Next were pastors who said, “You nailed it. I face those pressures on a daily basis. It reminds me that I need to be careful about the dangers around me. The stories in the book remind me of the sin that is so close to me. I don’t want to go there. I don’t want to fall. I don’t want to lose everything.”

Then, there are people who have fallen in their own right. They weren’t pastors. They’re just Christians who fell in their own lives in adultery or some other way. They were afraid to say anything. They’ve said to me, “This book has given me a voice. It’s let me know that even pastors aren’t above failure. Everyone sins. And I know I can be restored again to Christ.”

Finally – and this one is difficult for me. There are people who buy the book and they never say anything to me directly. They are people who don’t like it. They think I’m a hypocrite still. They think I stood in the pulpit for eight years and was a liar for the entire time. They think my entire ministry was a failure for the sin I committed at the end of it. I never hear their voices, but I hear it from other people through second hand information.

And that’s absolutely okay with me. It gets posted on message boards. It gets passed on to me through gossip. Once upon a time, that kind of talk would bother me. But not now. I fell. And I fell terribly. I can see where someone would think my entire ministry was a sham because of the sin I committed. I can absolutely see that.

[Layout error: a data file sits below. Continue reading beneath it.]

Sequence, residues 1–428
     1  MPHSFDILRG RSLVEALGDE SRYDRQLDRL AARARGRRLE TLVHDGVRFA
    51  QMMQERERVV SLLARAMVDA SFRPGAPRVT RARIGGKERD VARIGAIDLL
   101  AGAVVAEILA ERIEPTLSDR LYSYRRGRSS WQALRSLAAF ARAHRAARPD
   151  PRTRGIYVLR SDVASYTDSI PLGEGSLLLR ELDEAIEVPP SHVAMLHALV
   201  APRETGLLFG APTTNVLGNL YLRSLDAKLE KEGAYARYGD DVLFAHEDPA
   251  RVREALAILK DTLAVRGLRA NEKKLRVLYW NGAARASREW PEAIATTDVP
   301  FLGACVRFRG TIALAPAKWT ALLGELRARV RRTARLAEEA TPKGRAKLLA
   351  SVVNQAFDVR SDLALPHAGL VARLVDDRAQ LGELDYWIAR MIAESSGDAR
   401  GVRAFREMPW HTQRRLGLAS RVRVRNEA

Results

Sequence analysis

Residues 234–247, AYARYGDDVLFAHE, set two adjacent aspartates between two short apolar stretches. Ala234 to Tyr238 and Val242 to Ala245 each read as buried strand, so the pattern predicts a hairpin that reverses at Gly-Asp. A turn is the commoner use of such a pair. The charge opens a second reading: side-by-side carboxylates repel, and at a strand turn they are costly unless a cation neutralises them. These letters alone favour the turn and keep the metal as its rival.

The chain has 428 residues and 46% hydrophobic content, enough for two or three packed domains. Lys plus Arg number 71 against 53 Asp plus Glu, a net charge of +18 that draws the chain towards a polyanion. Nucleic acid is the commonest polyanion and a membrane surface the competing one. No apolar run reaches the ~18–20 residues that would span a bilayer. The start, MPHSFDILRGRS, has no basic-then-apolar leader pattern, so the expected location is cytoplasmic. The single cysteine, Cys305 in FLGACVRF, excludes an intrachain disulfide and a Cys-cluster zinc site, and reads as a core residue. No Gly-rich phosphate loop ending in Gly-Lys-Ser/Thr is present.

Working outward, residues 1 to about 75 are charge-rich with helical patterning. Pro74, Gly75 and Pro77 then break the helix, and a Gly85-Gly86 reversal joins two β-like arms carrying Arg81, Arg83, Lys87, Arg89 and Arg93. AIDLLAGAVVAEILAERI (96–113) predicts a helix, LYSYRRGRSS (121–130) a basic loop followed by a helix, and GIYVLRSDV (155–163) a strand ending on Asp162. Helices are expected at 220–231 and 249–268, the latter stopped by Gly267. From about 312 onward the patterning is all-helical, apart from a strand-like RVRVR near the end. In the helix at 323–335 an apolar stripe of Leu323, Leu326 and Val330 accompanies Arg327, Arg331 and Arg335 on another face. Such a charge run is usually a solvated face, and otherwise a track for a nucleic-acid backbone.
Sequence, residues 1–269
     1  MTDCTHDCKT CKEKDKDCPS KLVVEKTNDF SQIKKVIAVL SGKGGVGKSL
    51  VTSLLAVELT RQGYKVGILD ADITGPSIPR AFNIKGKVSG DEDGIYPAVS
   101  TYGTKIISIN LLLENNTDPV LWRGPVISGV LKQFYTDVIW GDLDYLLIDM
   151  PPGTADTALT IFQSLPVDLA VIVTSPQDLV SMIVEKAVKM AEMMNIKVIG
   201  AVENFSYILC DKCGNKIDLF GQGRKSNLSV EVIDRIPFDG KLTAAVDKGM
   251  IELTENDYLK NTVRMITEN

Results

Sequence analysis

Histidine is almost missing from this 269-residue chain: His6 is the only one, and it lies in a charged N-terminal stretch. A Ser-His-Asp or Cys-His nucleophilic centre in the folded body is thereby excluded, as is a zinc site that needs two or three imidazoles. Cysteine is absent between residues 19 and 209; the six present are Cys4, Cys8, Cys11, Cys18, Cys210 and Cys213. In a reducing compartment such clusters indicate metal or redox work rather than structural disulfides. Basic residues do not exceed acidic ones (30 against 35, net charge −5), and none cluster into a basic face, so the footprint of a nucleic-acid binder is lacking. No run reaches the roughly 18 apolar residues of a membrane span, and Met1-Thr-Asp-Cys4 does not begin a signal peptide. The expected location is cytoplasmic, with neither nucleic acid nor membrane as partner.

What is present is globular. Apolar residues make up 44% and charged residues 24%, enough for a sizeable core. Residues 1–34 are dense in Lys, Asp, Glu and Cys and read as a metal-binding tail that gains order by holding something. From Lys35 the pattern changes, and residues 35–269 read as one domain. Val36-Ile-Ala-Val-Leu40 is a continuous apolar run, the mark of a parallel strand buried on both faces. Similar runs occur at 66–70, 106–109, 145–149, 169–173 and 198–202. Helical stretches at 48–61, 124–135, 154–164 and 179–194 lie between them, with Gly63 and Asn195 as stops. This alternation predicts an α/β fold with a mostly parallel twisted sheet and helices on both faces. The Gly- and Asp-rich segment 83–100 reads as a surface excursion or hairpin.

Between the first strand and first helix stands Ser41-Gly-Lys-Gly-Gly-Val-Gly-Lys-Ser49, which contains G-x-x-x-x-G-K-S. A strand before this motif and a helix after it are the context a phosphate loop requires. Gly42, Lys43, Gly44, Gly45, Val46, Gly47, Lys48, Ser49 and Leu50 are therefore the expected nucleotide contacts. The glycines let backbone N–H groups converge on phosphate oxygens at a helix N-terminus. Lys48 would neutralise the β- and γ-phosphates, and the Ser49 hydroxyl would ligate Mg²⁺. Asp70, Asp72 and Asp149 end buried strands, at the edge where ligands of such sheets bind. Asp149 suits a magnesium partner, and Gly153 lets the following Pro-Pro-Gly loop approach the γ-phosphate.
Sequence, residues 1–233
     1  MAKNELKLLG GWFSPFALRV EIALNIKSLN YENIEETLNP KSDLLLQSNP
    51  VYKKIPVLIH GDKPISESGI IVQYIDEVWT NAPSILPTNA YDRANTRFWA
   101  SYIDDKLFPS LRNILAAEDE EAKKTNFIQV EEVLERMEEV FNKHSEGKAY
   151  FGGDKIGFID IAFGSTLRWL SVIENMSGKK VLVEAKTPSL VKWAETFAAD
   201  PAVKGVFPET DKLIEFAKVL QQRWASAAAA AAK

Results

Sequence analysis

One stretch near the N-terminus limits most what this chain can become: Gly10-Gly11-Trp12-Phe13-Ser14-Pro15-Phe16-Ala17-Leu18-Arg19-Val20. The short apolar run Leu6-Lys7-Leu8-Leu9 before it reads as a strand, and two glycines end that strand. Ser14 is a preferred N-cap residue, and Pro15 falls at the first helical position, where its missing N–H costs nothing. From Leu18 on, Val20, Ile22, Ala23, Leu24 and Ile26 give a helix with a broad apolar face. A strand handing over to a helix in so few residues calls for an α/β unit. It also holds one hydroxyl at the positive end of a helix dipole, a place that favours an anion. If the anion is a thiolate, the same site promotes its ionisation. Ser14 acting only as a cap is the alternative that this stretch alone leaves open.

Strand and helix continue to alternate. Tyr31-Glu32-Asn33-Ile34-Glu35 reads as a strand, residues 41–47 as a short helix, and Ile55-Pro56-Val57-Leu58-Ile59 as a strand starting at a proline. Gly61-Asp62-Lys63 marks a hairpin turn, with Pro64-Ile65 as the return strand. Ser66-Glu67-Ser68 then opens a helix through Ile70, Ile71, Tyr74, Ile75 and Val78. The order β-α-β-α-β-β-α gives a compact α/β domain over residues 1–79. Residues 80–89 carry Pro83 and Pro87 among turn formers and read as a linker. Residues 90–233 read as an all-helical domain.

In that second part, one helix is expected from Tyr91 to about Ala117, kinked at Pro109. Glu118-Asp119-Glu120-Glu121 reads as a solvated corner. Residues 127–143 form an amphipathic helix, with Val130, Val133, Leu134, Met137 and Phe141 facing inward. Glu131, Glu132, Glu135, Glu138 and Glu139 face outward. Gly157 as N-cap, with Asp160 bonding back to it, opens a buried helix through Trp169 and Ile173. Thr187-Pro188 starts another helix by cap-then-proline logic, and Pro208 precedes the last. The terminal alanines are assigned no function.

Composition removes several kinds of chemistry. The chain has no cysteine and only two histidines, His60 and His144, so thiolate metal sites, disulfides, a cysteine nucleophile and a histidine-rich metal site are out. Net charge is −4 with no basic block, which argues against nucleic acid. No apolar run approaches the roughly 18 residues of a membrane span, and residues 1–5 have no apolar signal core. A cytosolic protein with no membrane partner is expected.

I stood in the pulpit and preached the word of God for eight years. I baptized people, visited the sick, loved a congregation and gave people my best, but in the end, I will be remembered as an adulterer to many. I deserve that if people want to think that. That is the fallout of my sin. That is the consequence of my sin. I have to live with that. All I can do is live a life that is holy and pleasing to God from this day forward.

The aim of my book is to help those who have fallen. To help those who are in the ministry and prevent a fall. To help those in church to understand the risks their pastors face. Pastors are human. They are in a dangerous culture that places dangerous expectations upon them. Many times, they chase after unrealistic expectations of ministry that stresses out their marriages and places them at horrible risk.